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    White House Conversation: Why Breakfast Is Important

    roundtable with First Lady

    By Hansa Bhargava, MD

    This morning as I was rushing around to get ready for work and getting the kids ready for camp, my daughter asked: “Do I have to eat breakfast? Can’t I just skip it today?”

    As a working mom of twins, l confess that the thought of skipping breakfast to make the morning easier has crossed my mind. But as a pediatrician, I know that breakfast really does make a difference.

    So yesterday, when I sat at the White House roundtable discussion with the first lady about the School Meal Program, I was not surprised when the topic of breakfast came up. Mrs. Obama admitted she didn’t realize the importance of breakfast until she became a mom, when she spoke to her pediatrician. James M. Perrin, MD, FAAP, president of the American Academy of Pediatrics, talked about the importance of healthy meals to the brain, as well as the importance of fueling the brain first thing in the morning. The Healthy Hunger-Free Kids Act of 2010 not only provides qualified children with a healthy lunch (according to the standards set by the USDA), but also breakfast.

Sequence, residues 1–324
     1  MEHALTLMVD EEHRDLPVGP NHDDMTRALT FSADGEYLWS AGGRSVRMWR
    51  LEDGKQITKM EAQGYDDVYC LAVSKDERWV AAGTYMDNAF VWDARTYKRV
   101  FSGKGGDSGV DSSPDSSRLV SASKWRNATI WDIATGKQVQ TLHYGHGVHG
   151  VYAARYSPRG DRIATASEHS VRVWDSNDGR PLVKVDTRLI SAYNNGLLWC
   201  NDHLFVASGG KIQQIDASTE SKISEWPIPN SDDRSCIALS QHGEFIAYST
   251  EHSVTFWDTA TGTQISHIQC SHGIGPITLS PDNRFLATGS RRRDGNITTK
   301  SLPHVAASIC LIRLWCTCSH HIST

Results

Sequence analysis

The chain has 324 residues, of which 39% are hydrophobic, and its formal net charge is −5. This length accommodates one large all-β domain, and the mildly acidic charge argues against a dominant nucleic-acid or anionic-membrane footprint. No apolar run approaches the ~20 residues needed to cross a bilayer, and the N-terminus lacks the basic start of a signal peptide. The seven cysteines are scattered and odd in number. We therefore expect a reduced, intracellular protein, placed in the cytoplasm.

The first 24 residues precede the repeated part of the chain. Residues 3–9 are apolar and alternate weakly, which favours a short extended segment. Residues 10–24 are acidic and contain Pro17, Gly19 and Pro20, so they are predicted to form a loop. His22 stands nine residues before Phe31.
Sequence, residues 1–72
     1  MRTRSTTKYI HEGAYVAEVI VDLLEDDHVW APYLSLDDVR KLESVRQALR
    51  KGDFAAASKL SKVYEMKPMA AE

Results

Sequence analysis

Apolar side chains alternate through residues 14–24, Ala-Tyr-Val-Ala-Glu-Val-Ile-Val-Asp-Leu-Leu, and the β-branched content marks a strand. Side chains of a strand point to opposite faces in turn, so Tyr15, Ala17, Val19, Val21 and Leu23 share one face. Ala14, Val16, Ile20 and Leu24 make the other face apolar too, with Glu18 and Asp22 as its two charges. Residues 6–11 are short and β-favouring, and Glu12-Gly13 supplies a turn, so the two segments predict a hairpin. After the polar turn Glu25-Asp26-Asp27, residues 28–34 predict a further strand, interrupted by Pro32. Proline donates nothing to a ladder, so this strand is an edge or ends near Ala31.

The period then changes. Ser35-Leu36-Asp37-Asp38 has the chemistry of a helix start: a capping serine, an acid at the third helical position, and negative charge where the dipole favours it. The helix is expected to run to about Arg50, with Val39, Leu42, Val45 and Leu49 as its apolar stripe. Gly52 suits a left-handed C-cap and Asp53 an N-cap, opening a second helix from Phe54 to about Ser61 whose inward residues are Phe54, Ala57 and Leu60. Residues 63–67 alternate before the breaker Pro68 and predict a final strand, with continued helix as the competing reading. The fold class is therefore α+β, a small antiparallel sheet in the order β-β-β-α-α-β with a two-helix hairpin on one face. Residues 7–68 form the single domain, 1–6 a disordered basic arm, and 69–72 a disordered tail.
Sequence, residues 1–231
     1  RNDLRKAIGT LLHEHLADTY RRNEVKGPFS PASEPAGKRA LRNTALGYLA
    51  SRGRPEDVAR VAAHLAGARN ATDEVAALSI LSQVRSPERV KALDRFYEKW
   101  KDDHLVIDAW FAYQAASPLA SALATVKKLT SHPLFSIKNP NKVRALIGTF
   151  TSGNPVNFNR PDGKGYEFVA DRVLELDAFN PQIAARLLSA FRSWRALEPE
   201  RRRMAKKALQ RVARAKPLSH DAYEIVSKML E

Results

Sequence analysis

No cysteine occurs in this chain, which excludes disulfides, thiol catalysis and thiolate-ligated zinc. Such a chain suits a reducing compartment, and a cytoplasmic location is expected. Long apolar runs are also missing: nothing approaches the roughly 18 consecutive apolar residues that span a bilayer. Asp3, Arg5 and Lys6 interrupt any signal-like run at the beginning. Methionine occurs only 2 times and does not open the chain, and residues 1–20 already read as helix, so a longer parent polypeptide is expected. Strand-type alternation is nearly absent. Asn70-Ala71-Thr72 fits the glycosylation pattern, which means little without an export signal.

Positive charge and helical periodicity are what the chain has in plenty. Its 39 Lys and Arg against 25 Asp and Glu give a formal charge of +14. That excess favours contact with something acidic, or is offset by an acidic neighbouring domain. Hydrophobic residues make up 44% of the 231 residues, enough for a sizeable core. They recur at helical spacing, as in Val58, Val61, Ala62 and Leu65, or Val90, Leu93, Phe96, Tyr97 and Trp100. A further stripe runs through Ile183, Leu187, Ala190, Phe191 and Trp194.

Most research shows that the school breakfasts have made a difference. Sam Kass, former White House chef and executive director of Let’s Move, reported that test scores are up in schools participating in the healthy meals program. Although a recent study had mixed results on the importance of breakfast, most experts support the idea that good food in the morning helps kids’ brains work better. As a pediatrician, I fully believe that giving your kids a meal with protein and healthy carbs will sustain their energy and help them concentrate.

    And as a mom of two 8-year-olds, I absolutely understand the obstacles that stand in the way as you try to get the kids ready, prepare school lunches, get yourself ready, and head out the door. Here are a few tricks that I’ve used to make it easier:

    1. Stock up your pantry and refrigerator. Keep protein bars, yogurt, hard boiled eggs, and cheese sticks handy. Any of these with an apple or banana make a great grab-and-go breakfast.

    2. Do some work the night before. I will often put 2 days’ worth of sandwiches in the fridge along with cut-up veggies in plastic bags.

    3. Have healthy cereal options available at your fingertips. This is an easy go-to for older kids. If you have fresh blueberries in the fridge, throw a handful in their cereal along with low-fat milk.

    4. Give them a glass of milk to chug down and bring a granola bar and a piece of fruit to eat in the car.

    That old saying about breakfast being the most important meal of the day is true. Let’s make it happen for our kids so that they can do better at tests, at soccer games, and most importantly, at life.


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